Does God have One People or Two?

IsraelIs the nation of Israel still relevant today to believers in Jesus? Do those who are ethnic Jews have any place in the plans and purposes of God if they do not believe in Jesus? And what about the land of Israel — I cannot think of a more controversial piece of real estate on the planet — yet does Jerusalem and the land of Israel hold any special place in the heart of God that is different from Tallahassee or Peru? I believe the answers to these questions are important to the heart of God and they are not academic. I also believe the answers to these questions have direct impact upon the lives of Jews and Arabs in the land of Israel therefore they are truly not academic, however in answering the question I want to beg your forgiveness as I must get a little academic to begin with.

Did you grow up Dispensational - always afraid you would be Left Behind?

Did you grow up Dispensational – always afraid you would be Left Behind?

For the last hundred years in North America two very vocal hermeneutical positions have held sway in the church and both have come to different conclusions concerning the place of Israel. The Dispensational position has been supported by the likes of Dallas Theological Seminary, the Assemblies of God, TBN and the Left Behind series – a strong proponent of this position today would be John Hagee. This position has supported the political nation of Israel almost without criticism, the theological position of this group is that God has TWO peoples: Israel and the Church.

According to the traditional Dispensational position God made promises to Israel in the Old Testament which still apply today, however the Church is a different people that began on the day of Pentecost (some even see the birth of the Church taking place in Acts 8 or even 10 – when Gentiles are grafted in). The church will be whisked away by a secret rapture according to this view before an event called the Tribulation while Israel unfortunately will have to go through the great trouble coming to the earth. The extremes of this view, which most Dispensationals eschew, but which most of the opponents will say that this view leads to is “Dual Covenantism”, this essentially means that there are two ways of salvation. Christians are saved through the sacrifice of Jesus, whereas Jews are saved by virtue of their chosen status through the Abrahamic Covenant. I am of course generalizing here, but this means that Dispensational groups will visit Israel en masse, but will often be hesitant to support any form of evangelism to Jewish people.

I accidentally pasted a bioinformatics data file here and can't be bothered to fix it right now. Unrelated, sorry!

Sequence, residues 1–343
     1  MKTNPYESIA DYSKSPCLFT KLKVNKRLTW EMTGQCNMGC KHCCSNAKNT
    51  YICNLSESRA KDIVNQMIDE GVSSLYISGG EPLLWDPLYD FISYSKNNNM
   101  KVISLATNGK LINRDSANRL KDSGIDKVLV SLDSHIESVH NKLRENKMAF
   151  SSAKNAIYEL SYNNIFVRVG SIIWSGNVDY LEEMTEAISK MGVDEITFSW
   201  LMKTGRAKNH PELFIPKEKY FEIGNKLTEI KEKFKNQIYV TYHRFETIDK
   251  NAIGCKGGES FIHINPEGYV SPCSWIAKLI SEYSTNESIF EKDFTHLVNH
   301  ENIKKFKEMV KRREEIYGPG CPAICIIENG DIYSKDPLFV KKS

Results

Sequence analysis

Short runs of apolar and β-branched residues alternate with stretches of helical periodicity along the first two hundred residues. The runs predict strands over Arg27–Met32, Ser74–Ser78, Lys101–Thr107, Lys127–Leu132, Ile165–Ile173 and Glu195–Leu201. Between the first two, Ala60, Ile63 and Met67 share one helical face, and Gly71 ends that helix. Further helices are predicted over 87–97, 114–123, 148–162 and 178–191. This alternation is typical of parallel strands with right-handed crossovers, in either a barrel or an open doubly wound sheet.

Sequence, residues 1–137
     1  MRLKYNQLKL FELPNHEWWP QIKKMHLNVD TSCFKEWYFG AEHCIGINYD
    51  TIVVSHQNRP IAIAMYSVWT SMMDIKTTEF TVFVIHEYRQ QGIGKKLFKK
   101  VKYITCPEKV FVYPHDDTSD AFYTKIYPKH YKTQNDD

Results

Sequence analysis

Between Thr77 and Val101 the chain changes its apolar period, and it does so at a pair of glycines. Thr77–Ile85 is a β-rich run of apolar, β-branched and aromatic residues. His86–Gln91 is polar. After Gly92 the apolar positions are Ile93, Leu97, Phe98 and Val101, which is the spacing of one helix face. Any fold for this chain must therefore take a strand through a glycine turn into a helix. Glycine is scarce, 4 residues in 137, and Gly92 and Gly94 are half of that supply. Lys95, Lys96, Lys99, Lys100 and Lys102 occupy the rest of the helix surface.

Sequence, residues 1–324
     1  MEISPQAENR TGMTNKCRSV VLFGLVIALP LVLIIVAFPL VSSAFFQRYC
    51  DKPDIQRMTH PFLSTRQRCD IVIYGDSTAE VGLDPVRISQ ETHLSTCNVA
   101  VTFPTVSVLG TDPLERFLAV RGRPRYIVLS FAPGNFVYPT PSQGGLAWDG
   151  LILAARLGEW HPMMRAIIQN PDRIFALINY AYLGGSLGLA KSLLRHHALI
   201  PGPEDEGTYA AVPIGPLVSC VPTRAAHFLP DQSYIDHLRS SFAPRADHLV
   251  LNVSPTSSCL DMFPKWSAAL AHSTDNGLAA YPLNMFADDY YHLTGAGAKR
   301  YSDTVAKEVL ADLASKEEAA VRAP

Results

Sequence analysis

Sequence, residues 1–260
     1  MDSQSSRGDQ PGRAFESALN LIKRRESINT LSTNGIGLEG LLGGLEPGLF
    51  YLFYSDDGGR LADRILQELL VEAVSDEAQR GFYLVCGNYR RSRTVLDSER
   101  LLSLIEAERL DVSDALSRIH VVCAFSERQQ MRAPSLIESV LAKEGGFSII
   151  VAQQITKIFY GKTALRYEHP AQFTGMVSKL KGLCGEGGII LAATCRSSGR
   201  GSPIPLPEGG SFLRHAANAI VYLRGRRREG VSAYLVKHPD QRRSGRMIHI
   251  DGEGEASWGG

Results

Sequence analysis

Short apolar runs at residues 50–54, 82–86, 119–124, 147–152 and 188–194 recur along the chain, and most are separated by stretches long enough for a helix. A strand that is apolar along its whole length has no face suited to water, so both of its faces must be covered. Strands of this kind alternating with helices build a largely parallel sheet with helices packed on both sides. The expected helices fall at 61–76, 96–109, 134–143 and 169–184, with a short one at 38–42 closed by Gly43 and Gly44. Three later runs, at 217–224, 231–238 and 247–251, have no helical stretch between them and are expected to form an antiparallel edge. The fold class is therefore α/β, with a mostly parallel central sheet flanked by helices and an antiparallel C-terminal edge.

New Reformed? You probably are influenced by Covenant Theology

New Reformed? You probably are influenced by Covenant Theology

The other hermeneutical position that has been very popular and vocal in recent years has been Covenant Theology. This position has been largely formed and adopted by the Reformed wing of the church – think Presbyterians, many Baptists etc. It holds that there are two (and oftentimes three) covenants that God made (although not explicit and not to be confused with the explicit covenants of Abraham, Moses, David etc). The “Covenant of Works” was the covenant made between God and Adam promising life for obedience and death for disobedience. The “Covenant of Grace” was subsequently made after the Fall of Man – where life is promised to all who put their faith in Jesus. An additional Covenant of Redemption is often added to this framework, which is a covenant made between God the Father and God the Son about the way that the redemption of humanity would come about through the death of the Son. Humanity has therefore related to God since the Fall of Man according to this schema under the Covenant of Grace.

Under this position the church is simply a continuation of the people or assembly of God found during Old Testament times. The “qahal” of Israel is the beginning of the “church” in Old Testament times, then because of the death, resurrection and ascension of Jesus the qahal or ekklesia of God’s people is now Jew and Gentile – one new man in Christ. There is not two people of God, there is clearly one. The extremes with this position is that there is no longer any significance for Jews or the land of Israel because the ekklesia of God and Israel are synonymous and the chosen people are now the church and in such way the ekklesia has “replaced” the blessings that were previously promised to ethnic Israel who had been given the land of Israel as an eternal inheritance. While those who hold dispensationalism do not like being daubed with the “Dual Covenant” brush, likewise those who hold to Covenant Theology will try to evade the “Replacement Theology” tag.